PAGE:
Unlocking North Vancouver History

A Riveted Community: North Vancouver’s Wartime Shipbuilding

Wartime Waterfront

After receiving its first contracts to build merchant vessels in 1941, Burrard Dry Dock Company had to significantly increase its facilities. It ended up becoming one of British Columbia’s most important industrial complexes in the entire 20th century. The shipyard expanded eastward to create room for four new building berths with four long piers. Fixed and travelling five-ton (4.54 t)-capacity cranes were installed between the berths and on the piers. Shops were expanded or rebuilt, and included a copper and sheet-metal shop, a pipe shop, a machine shop, a second plate shop with a mould loft, an electrical shop, a steel fabricating shop, and a joiner’s and pattern-making shop. The main office building tripled in size and a three-storey former carpenter’s and joiner’s shop was refitted for parts storage. The various developments tripled the size of the previous yard at a cost of $3.5 million.

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This is an aerial view of North Vancouver at the end of the war, showing Victory ships under construction in Burrard Dry Dock’s four building berths.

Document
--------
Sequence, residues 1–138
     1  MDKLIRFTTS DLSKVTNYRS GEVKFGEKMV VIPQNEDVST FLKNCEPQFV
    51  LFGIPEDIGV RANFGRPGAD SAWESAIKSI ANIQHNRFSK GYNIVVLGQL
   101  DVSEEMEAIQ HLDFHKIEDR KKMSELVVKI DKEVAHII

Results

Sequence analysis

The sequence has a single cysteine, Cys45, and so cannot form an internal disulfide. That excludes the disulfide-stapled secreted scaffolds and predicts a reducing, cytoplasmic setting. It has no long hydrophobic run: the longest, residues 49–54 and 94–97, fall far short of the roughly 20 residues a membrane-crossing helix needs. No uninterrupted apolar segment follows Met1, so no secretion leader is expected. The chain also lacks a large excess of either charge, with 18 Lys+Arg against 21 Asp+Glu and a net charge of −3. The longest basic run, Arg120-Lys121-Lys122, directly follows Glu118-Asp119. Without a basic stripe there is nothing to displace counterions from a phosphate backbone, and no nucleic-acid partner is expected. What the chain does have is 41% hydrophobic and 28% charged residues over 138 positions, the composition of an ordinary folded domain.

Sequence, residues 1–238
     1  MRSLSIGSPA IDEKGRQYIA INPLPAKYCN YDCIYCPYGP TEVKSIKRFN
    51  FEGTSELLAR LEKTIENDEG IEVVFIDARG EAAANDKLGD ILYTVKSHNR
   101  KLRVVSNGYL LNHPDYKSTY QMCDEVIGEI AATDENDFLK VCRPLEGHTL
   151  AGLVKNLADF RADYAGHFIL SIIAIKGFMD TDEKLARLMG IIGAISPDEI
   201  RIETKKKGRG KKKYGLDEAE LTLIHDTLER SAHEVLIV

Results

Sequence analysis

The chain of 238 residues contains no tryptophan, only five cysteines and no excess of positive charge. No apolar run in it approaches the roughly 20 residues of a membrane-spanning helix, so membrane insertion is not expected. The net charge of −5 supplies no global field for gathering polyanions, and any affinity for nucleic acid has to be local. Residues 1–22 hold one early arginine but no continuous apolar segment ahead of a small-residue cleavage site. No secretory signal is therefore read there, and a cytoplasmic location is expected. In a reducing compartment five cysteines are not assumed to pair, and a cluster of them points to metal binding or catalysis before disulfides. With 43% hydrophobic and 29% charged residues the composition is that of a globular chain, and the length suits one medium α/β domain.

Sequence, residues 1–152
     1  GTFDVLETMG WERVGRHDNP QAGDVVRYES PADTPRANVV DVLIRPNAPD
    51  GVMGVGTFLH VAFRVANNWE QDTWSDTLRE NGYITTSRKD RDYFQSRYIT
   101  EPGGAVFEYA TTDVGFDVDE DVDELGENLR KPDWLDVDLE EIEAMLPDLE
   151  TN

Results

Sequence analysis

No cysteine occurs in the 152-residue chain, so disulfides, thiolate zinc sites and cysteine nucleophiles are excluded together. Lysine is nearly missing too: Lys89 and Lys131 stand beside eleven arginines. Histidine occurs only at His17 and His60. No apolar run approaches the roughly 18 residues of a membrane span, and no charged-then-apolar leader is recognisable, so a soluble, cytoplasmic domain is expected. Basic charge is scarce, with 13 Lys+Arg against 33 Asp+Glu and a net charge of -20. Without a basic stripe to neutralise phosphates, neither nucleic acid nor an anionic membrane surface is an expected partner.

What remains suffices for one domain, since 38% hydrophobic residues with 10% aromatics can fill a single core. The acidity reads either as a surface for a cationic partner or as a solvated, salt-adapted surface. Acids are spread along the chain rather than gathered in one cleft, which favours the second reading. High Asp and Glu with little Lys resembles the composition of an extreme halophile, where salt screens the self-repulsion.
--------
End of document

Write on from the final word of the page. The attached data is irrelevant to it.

During the war years, Burrard Dry Dock’s north yard almost doubled the number of city blocks it covered, eventually extending from Lonsdale Avenue to St. Andrews Avenue.

This 1944 photograph illustrates the impact of the Second World War’s national war effort and its effect on the local shipbuilding industry.

The North Vancouver community was highly aware of wartime shipbuilding activity on its waterfront. Besides the influx of workers, the sound of rivet guns was a constant reminder.

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